3. Philip Pullman used this particular 'what if' to underpin the 'Dark Materials' trilogy, didn't he? ( I never got more than halfway through the first book and relied on someone else to explain it all to me). As did one of my favourite childhood authors, Joan Aiken, though I think she fantasised a Catholic restoration under a successful James II. Both, of course suggested that we'd still be living in some sort of Dark Age, having missed out on the Enlightenment.

    Like M Prodigal I've been fortunate to see some small improvements in my diocese: Corpus Christi procession through the city centre for several years now (bring back the Marian procession in May!) and priests, even the bishop, joining 40 Days For Life vigils. The discouraging side is that much of this is fuelled by recent immigrants- the 40 Days organisers are Hispanic, for example- Anglo/Irish involvement is poor. The Church in England really failed in its 'Golden Age' (c 1850-Vatican II) to convert England.

    1. Celia, I tried reading Philip Pullman's 'Dark Materials' too, just to see what all the fuss was about, and I couldn't finish it, almost threw the book across the room. Really bad book for kids.

  4. If the Christian religion - Catholic, Protestant, whatever - had really done its work, religious people would be known not for any outward markers, but by the quality of their being. I don't know if we will ever move into that post-religious era. There is clearly a long way to go so long, as we are still fighting the battles of centuries ago and keeping up our tribal identities - rather than letting God transform us, beyond all our divisions, into the new humanity.

    1. The Age of Aquarius???

    2. No! not the Age of Aquarius - whatever that may be. It is the Hebraic age to come, or as Christ calls it the kingdom of God.

  5. The so-called Reformation might well not have happened. Richard III could have won at Bosworth. Had it not been for Stanley's treachery he would have done. Henry VIII could have listened to Wolsey and secured his annulment on the grounds that Julius II's Bull of dispensation was canonically defective (ironically the more so if Catherine's marriage to Arthur had indeed not been consummated).

    Vatican II might not have happened either. Had Pius XII not refused Montini a red hat, the latter would have been elected in 1958 and would almost certainly not have called a General Council.

  6. It's surprising England had it's Reformation. There were so many Marian shrines everywhere. Mary's Dowry, and yet it happened...?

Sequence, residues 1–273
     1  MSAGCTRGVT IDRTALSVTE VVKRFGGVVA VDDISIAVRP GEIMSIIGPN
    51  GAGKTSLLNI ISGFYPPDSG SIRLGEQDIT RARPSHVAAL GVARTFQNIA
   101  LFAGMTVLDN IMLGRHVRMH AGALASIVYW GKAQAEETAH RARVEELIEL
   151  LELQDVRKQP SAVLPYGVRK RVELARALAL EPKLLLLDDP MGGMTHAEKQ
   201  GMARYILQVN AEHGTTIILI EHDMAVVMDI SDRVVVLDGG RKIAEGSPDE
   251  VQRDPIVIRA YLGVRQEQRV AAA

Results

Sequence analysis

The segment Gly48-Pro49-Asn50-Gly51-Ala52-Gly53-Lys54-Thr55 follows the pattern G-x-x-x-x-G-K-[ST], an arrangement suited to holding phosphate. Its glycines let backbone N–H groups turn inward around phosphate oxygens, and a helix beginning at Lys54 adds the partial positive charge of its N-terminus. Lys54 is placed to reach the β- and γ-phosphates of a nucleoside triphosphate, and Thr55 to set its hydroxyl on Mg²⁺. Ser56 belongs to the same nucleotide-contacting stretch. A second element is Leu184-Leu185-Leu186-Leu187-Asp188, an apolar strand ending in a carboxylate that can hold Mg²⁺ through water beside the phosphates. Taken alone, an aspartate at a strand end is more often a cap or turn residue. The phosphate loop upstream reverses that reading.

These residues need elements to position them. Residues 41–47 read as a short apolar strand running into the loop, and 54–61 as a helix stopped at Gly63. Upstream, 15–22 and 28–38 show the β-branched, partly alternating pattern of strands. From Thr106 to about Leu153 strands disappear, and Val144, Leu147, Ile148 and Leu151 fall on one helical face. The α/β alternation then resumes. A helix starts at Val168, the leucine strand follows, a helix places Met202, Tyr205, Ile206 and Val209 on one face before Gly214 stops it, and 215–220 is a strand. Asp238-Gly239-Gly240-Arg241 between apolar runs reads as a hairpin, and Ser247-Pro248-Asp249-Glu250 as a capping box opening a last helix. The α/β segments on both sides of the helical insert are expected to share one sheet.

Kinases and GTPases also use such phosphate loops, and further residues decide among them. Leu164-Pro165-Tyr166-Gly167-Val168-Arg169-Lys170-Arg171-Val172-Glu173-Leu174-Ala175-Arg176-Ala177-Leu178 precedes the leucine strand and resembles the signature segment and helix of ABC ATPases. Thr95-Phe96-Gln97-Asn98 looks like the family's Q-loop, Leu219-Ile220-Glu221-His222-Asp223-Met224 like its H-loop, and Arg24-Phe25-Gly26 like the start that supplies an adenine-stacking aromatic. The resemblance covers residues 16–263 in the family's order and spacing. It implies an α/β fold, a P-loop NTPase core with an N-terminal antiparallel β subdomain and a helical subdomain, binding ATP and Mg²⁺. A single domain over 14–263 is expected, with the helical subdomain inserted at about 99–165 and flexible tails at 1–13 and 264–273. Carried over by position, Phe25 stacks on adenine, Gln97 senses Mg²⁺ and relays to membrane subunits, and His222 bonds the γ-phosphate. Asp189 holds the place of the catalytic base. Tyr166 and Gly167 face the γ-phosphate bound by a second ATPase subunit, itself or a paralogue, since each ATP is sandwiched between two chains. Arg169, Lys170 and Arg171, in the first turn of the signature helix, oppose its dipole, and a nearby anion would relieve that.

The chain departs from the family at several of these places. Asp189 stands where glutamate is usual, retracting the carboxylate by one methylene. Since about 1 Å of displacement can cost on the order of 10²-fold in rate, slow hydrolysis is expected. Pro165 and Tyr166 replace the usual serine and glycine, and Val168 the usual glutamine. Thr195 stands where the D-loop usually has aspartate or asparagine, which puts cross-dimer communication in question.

1. Apathy and fear DR........and mainly from, as St Thomas More described them: "a weak clergy lacking in grace".
      Sound familiar?

  7. I am not adding much to what has been said about V2, but how tragic the Council and it's 'spirit' opened pandora's box to every heresy, error, heterodoxy and sheer madness. And the New Mass? Only Cranmer would have been pleased with what Bugnini came up with. Domine, miserere nobis. +JMJ+

  8. Well the first thing that occurs to me is that Noth America, as well as South America, not to mention Australasia, most of Africa etc., would all be Catholic.

    Yes it would be a very different world.

  9. Damask Rose

    The English 'Reformation' was imposed on a largely unwilling population by a centralized and despotic state. The post-Vatican II revolution was likewise imposed by a Church whose highly centralized bureaucracy brooked no opposition. No medieval or Renaissance pope could have done what Paul VI did. It was the nemesis of ultramontanism, which Newman warned against but which appeared in the late 19th century to be a way of preserving orthodoxy.

    1. John,

      There was another factor, I speak as a pre-Vat II Catholic.

      We trusted the Church, as did the numerous converts, the Waugh's and Hydes etc. and we were badly let down.

      It was some time before we realised, most of us, what was happening. The naievity and appaling bad judgement of St John XXIII and the weakness, confusion and arrogance of Paul VI failed us badly and allowed the forces of Modernism suppressed by St Pius X, to pour into the Church with devastating consequences.

      In fairness I think most of the bishops were equally fooled until it was too late, but their fault and I include St John Paul II in this is that they failed to counter-attack. Though Benedict XVI did, it was half hearted.

      As for Pope Francis, I think he has simply failed to grasp both the strategic as well as the tactical situations. He is fighting the wrong battles. I hope I am wrong but I suspect we have a very long way to go yet?

      But what is essential now is that we all speak out!

  10. A fine piece of writing, Richard.

    1. Thank you AP. Coming from you that is a fine compliment. God bless.